Malik Nichols wanted three things out of college: a program close to home, a coaching staff he felt comfortable with and the opportunity to contribute immediately.
Hofstra offered all of the above, so Nichols didn’t waste any time, committing to the Pride and new coach Mo Cassara on Monday.
“It takes the pressure off me, I don’t have to worry about people calling me, asking what I’m gonna do, what are my plans,” said Boys & Girls’ versatile 6-foot-6 guard, who transferred from Hillcrest in Queens after his family moved to Brooklyn last spring. “All I need to say is Hofstra.”
Moments after committing, Nichols’ thoughts drifted to one of his basketball role models, former Hillcrest assistant Marc Ellison, who tragically took his own life Aug. 24, 2009.
Ellison, Nichols said, was the first coach to believe in him, the first coach that pushed him hard because he saw the potential in him.
“He would be proud and happy,” said Nichols, who averaged 22 points per game last year for Hillcrest. “He was the first guy who said I was gonna play Division I basketball. I owe it all to him.”
Nichols’ recruitment took off this summer on the AAU circuit. It continued to rise this fall during a series of open gyms at Boys & Girls. Nichols held an offer from St. Bonaventure and Xavier and LIU and Quinnipiac also expressed serious interest. But Hofstra, led by assistant Steve DeMeo, made the first offer and stayed in close contact. DeMeo, a former Providence College assistant, saw him in several AAU showcases in April and July and again at the open gyms.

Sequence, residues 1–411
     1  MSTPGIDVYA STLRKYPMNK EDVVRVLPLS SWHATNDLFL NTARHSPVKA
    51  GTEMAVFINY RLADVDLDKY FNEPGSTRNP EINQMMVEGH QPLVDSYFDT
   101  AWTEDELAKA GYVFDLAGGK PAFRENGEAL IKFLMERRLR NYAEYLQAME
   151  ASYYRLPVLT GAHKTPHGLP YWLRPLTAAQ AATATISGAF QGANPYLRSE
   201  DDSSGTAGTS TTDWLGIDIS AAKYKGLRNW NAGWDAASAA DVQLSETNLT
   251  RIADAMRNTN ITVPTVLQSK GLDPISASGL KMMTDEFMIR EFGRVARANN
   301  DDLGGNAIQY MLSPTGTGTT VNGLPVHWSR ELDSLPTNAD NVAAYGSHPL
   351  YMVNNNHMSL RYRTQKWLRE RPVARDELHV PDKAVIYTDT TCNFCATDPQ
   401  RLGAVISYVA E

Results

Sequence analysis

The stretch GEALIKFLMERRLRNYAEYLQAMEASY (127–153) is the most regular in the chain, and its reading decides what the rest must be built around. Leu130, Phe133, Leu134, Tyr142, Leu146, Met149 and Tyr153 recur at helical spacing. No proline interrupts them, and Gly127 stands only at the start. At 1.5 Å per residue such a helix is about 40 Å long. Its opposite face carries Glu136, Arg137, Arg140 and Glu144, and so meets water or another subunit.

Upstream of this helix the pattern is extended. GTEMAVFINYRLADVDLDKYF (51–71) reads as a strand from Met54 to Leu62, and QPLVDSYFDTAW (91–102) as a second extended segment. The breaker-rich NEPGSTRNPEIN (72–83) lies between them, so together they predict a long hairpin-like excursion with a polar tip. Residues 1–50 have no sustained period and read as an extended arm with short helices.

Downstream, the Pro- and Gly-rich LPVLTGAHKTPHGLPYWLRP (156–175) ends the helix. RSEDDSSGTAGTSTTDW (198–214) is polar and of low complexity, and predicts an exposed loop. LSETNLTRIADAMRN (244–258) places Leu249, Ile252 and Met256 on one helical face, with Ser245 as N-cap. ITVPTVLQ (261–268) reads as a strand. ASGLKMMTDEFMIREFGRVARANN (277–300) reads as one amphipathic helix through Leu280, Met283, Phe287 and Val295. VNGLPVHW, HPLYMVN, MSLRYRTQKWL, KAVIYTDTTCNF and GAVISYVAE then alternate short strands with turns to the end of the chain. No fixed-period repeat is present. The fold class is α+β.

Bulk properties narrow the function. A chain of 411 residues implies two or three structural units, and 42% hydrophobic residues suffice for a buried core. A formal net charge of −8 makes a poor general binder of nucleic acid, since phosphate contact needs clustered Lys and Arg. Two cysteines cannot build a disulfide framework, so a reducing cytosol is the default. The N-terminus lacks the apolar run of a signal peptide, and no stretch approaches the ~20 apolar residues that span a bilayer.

“I give Steve DeMeo a lot of credit,” Boys & Girls assistant Elmer Anderson said. “He pinpointed him. He saw in him what we’ve seen in him, and that’s talent. Does he have Big East talent? Absolutely, but you gotta go where you feel like you’re gonna play right away, where you’re not gonna get recruited over.”
One assistant coach involved in Nichols’ recruiting lauded him as “the steal of the metro area,” because of his college-ready body, his ability to score, create for others and shoot from the perimeter. Nichols, the coach said, could be an all-conference performer as a freshman.
“Whoever recruited him deserves a pay raise,” the coach said. “He’ll be there with the Hofstra greats when it’s all said and done. That’s a major get for Hofstra.”
Nichols said he feels like it’s a major get for him. At this time last year, he didn’t have any college interest. He was hurting because of the sudden death of Ellison. Now he has a college scholarship to call his own, close to home and the chance to fit in right away.
“It’s awesome. I don’t have to ask my mom or dad pay for me to go to school,” he said. “The staff there is great.”